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The biosphere of Planet Earth is a miracle. We know of no other world where we could live outdoors. The moon is inhospitable, Venus a furnace, Mars’ air thin and oxygen-poor. Forget the other planets in our solar system. And we know little about those beyond. By comparison, Earth is a paradise. Every day we should rejoice in the sunshine, breathe deeply with gratitude, and take water as a sacrament. So why do we spend so much time inside?

 

Once I took a plane trip on a perfect day in May. Flowers bloomed and trees wore new leaves. We flew at low altitudes where I could see the towns and neighborhoods, parks and school yards, fields and forests below. But no children played on the playgrounds. No one walked or jogged. No farmers worked their fields. No workmen or fishermen were evident. How could they stay indoors on such a beautiful day?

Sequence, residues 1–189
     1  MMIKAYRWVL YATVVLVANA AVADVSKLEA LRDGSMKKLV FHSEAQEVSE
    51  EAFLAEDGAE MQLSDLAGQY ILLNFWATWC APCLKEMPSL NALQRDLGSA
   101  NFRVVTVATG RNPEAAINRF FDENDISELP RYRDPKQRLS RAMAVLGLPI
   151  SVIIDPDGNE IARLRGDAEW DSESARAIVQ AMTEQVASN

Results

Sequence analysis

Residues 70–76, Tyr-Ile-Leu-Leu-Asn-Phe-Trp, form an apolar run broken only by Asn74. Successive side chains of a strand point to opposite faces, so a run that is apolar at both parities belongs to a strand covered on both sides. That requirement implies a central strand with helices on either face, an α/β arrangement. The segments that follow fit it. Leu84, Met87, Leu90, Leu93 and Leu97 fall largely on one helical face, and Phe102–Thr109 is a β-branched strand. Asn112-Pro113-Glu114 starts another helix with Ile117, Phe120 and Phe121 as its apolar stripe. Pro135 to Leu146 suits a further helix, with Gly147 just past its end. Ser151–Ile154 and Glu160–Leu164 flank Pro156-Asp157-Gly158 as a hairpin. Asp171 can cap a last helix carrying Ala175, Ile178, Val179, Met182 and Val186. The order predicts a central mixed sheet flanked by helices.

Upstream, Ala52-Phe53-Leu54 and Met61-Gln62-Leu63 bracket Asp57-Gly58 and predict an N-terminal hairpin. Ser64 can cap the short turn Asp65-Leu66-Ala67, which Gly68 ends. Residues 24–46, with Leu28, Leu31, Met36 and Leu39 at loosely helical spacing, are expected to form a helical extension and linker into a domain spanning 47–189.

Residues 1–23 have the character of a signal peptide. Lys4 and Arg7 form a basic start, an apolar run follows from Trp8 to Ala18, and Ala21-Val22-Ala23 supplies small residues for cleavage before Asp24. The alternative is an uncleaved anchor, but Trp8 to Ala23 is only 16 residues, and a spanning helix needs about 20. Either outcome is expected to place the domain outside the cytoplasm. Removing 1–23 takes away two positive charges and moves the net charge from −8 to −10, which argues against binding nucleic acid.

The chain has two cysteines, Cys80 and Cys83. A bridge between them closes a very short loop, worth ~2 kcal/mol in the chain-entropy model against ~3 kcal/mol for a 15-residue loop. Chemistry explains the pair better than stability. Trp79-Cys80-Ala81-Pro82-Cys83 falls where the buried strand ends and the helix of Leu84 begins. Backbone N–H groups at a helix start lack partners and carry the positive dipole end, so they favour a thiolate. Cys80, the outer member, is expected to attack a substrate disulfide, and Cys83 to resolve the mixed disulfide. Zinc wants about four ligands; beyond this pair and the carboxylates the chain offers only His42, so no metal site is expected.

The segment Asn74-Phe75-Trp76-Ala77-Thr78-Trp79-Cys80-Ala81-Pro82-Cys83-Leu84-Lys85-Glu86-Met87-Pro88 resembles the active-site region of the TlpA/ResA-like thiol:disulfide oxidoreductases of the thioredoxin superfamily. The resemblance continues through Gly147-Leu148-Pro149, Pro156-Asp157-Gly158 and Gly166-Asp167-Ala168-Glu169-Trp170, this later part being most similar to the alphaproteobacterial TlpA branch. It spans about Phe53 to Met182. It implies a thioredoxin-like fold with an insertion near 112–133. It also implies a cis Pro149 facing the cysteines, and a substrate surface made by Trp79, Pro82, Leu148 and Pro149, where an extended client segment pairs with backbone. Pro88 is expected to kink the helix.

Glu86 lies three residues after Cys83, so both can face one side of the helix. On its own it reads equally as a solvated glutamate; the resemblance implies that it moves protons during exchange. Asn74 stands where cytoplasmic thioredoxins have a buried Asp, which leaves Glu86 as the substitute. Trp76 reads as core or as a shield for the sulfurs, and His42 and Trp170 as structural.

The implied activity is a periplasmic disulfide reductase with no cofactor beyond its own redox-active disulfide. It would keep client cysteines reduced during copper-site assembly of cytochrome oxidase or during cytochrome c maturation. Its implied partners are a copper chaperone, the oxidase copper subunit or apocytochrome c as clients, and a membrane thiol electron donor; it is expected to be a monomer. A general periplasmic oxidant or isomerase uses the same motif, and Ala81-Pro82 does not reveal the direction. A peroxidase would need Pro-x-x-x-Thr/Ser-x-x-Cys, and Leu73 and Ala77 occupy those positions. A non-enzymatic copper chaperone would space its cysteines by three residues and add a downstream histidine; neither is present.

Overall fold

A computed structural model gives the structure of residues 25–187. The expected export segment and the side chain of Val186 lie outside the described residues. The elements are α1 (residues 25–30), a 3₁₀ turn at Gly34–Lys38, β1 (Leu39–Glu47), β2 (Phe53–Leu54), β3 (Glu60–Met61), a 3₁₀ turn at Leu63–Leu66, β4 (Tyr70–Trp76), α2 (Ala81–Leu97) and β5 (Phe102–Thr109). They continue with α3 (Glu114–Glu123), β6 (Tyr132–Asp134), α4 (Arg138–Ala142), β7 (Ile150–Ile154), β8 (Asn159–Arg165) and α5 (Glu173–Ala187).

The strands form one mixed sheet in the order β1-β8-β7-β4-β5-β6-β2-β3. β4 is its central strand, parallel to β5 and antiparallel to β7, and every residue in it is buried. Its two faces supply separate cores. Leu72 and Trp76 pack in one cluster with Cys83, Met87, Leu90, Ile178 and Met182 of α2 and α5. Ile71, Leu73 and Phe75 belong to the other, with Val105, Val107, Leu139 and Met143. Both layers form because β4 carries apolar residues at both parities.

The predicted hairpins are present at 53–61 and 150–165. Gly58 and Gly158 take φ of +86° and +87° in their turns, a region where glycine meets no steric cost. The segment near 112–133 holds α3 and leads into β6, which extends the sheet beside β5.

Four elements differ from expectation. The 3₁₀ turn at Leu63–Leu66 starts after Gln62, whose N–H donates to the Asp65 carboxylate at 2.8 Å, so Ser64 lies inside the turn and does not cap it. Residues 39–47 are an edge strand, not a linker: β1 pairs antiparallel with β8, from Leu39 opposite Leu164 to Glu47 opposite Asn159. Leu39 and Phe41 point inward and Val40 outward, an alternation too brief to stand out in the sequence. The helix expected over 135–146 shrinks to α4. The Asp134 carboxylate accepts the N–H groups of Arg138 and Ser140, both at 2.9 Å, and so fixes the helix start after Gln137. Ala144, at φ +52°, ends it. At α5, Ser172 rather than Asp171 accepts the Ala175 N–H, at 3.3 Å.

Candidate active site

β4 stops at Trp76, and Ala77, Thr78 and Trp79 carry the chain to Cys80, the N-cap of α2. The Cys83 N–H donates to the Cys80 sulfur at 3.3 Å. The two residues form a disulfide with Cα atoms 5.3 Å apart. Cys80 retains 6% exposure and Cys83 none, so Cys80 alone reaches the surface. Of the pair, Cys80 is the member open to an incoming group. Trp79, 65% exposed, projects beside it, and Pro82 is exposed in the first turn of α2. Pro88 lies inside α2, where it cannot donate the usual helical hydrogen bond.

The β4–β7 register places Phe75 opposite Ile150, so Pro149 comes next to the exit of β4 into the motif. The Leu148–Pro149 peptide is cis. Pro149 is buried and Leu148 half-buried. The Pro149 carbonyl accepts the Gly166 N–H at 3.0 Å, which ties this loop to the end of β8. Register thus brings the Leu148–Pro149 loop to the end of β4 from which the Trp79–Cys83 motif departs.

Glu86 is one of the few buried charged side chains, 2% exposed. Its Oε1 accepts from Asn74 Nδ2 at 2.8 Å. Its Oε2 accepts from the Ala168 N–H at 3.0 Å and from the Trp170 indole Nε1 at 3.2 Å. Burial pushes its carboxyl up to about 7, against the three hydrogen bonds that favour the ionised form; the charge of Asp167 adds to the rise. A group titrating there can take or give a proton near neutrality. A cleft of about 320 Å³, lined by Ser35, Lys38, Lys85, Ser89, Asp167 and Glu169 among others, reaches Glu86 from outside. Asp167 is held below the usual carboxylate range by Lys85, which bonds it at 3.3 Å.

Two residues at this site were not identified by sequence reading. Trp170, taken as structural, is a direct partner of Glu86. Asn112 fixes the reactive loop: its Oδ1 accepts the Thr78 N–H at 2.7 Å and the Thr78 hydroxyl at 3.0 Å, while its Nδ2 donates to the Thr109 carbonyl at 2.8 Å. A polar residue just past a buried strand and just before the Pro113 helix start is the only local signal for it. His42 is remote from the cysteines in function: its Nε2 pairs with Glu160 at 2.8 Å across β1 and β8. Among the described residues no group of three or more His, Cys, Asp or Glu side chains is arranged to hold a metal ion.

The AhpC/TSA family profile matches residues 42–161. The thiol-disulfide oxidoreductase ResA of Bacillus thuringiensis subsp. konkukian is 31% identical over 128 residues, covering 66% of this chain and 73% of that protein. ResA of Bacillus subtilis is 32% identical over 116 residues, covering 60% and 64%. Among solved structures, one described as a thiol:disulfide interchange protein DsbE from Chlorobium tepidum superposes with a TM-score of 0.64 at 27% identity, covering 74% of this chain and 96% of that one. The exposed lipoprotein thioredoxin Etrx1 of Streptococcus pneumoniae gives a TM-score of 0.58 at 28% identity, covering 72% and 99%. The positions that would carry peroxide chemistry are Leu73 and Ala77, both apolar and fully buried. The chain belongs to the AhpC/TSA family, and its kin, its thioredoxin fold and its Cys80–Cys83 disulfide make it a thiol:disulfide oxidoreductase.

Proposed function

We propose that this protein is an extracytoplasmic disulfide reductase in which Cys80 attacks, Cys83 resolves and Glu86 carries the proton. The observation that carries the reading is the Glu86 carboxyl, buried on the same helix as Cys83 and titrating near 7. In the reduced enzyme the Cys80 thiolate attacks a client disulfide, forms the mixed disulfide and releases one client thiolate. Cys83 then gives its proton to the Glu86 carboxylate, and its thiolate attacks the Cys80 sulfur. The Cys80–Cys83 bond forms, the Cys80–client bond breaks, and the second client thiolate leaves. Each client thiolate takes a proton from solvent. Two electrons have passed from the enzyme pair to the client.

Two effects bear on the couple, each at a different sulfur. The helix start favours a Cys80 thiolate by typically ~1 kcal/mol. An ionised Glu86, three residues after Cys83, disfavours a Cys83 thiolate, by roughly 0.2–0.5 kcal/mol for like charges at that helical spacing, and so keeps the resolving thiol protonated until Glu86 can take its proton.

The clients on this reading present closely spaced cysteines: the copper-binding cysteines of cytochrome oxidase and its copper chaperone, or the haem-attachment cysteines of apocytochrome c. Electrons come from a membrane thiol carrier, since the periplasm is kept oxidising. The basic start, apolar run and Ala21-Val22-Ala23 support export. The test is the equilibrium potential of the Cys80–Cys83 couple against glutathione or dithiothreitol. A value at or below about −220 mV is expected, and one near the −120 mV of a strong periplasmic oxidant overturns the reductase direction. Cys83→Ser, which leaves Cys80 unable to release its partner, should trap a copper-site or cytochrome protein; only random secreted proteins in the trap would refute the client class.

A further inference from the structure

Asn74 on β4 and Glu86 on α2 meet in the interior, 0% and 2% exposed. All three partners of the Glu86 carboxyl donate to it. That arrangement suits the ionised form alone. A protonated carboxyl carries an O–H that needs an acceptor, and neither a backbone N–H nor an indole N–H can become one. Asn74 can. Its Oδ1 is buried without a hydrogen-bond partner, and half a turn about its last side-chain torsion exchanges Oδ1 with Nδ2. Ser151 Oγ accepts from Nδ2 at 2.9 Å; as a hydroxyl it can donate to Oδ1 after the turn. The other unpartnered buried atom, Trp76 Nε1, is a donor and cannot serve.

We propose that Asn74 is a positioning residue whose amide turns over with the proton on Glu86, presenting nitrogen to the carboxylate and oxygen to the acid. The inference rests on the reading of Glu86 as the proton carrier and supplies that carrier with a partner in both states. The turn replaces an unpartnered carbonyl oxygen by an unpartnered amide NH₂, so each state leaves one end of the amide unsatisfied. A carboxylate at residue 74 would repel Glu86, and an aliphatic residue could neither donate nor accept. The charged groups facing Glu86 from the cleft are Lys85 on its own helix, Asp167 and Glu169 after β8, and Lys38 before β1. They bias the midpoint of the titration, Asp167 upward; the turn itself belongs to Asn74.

People move to Florida “for the weather”, then find it too hot, too cold, too humid, or too many mosquitoes. Day and night they keep windows closed and the air conditioner running. Why not live where the climate requires such confinement?

 

“When was the last time you spent the entire day outdoors?” A character in a movie asked another. Nothing substitutes for the physical, mental, and spiritual refreshment you find in the open air. Last January on the Mirage, we lived outdoors the entire week. Only the cabins are enclosed. The dining area, where we spent mealtimes and evenings, is open to the elements. Surrounded by wilderness with no light pollution, we stood on deck at night and enjoyed the stars. We spent our days on the water, under the sun, in the wind, and it was good.

 

But not perfect. Nature is not always kind. In Pine Island Sound, destruction by Hurricane Charley nearly a decade ago is still evident: heaps of uprooted, storm-tossed trees.

 

Monday’s sun heated the cabins below deck. To hasten cooling, I left my hatch open until bedtime. By then, my cabin was full of mosquitoes. I don’t know how many I swatted before I started to count, then I killed sixteen, more during the night, and probably another dozen in the morning. Afterwards, I was more vigilant.